Having more women on boards, in senior management and across organisations makes good business sense.
This report details a collection of arguments and evidence from globally recognised and respected sources supporting why having more women on boards and in senior management benefits organisations.
Excerpt from the report:
Companies with more women in senior management score more highly on organisational criteria than companies with no women at the top.
A McKinsey study found that companies with three or more women in senior management functions score more highly, on average, on organisational criteria (such as leadership, direction, accountability, coordination and control, innovation, external orientation, capability, motivation, work environment) than companies with no women at the top. [‘Women Matter: Women at the top of corporations: Making it happen’, McKinsey & Company, 2010.]
Companies with more women on their boards have been shown to financially outperform companies that have no women on their boards.
Research by McKinsey has demonstrated a link between diversity of company boards (defined as number of women and foreign nationals) and financial performance. In a study of 180 companies across Europe, the UK and the US, in the period 2008-10, research found that for companies ranking in the top quartile of executive-board diversity, ROEs were 53 percent higher, on average, than they were for those in the bottom quartile. At the same time, EBIT margins at the most diverse companies were 14 percent higher, on average, than those of the least diverse companies. [‘McKinsey Quarterly: Is there a payoff from top-team diversity?’, McKinsey & Company, April 2012.]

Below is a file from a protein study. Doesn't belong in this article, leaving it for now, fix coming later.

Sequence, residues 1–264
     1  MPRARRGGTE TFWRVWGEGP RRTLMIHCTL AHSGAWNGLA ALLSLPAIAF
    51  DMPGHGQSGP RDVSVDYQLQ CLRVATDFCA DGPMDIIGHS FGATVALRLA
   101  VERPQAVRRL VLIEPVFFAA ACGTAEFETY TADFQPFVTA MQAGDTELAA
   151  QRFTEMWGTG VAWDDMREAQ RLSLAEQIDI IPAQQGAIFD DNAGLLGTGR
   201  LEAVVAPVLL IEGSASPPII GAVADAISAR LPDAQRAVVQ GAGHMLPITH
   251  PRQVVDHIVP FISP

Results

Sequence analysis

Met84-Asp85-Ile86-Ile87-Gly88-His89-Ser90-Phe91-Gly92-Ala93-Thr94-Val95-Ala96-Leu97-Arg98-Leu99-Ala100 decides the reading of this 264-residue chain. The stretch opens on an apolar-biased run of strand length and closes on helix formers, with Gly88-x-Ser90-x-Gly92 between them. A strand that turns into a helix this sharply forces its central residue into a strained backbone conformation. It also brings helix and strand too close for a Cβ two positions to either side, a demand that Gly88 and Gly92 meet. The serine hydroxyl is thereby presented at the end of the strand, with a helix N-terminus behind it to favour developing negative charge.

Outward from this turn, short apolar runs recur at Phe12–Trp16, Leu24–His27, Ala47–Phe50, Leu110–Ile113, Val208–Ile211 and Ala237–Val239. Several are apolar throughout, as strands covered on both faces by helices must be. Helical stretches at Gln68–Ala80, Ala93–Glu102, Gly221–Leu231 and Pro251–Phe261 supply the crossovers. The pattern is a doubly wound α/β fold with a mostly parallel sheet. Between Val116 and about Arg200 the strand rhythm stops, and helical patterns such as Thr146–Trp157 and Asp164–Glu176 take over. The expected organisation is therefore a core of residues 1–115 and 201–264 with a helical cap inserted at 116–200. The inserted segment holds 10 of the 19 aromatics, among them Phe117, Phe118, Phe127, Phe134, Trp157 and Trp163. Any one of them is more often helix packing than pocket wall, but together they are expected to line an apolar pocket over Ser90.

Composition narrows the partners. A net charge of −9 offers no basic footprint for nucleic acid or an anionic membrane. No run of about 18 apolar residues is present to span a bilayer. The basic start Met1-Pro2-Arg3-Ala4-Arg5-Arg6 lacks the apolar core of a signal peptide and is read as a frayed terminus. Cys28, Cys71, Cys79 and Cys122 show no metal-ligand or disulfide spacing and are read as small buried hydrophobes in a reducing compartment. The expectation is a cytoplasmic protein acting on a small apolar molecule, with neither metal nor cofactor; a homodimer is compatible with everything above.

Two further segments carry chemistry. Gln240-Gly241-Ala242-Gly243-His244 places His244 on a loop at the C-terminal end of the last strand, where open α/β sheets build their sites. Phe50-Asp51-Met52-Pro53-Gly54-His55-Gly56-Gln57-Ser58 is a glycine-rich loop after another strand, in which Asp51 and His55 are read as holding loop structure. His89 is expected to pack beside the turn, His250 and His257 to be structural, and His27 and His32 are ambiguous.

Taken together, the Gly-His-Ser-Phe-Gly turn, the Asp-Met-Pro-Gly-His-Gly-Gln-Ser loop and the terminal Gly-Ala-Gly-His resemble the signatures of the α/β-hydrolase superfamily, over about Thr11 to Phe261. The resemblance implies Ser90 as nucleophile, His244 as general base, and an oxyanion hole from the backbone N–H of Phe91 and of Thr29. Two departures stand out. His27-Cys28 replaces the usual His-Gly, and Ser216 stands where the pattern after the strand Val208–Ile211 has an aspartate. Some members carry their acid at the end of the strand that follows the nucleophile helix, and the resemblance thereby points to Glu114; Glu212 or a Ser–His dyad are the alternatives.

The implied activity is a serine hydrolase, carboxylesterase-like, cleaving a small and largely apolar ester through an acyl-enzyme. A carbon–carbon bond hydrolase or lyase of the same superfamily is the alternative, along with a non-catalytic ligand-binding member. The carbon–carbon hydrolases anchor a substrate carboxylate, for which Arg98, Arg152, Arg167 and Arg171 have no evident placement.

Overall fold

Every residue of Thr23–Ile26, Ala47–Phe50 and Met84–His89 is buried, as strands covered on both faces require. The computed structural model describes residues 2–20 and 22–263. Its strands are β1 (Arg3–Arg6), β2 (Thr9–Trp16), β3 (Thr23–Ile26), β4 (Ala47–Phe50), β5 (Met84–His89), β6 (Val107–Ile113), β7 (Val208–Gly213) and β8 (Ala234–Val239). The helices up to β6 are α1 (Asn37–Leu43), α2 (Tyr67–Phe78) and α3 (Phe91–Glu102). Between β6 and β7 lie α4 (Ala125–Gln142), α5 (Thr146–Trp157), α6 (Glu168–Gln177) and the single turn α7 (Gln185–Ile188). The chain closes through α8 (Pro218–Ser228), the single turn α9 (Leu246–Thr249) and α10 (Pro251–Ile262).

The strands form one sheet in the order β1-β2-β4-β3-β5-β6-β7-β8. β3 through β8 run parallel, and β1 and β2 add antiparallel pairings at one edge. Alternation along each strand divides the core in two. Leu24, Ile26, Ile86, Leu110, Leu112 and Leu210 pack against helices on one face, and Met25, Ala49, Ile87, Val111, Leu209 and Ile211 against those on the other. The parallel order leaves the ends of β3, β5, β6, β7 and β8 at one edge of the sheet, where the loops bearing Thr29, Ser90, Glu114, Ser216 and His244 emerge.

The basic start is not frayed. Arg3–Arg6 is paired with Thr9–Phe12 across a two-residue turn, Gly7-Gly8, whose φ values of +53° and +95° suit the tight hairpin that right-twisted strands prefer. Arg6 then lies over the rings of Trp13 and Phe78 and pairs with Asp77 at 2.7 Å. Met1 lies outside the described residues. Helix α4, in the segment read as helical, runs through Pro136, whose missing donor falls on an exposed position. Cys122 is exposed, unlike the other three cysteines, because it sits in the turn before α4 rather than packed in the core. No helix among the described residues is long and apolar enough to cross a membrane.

In a separate study of listed European and BRIC companies in the period 2007-09, McKinsey found that companies with the highest share of women outperform companies with no women: by 41 percent in terms of return on equity, and by 56 percent in terms of EBIT. [‘Women Matter: Women at the top of corporations: Making it happen’, McKinsey & Company, 2010.]
A Catalyst study of Fortune 500 companies across a four-to-five year period found a connection between gender diversity on boards and financial performance. The study found that companies with the most women board directors outperform those with the least on return on sales (ROS) by 16 percent and on return on invested capital (ROIC) by 26 percent. The study also found that companies with sustained high representation of women board directors, defined as those with three or more in at least four of five years, significantly outperformed those with sustained low representation by 84 percent on ROS, by 60 percent on ROIC, and by 46 percent on return on equity. [‘The Bottom Line: Corporate Performance and Women’s Representation on Boards (2004-2008)’, Catalyst, 2011.]
Credit Suisse analyzed almost 2,400 companies and found that companies with more than one woman on the board have outperformed those with no women on the board by 26 percent since 2005. [‘Gender diversity and corporate performance’, Credit Suisse, 2012.]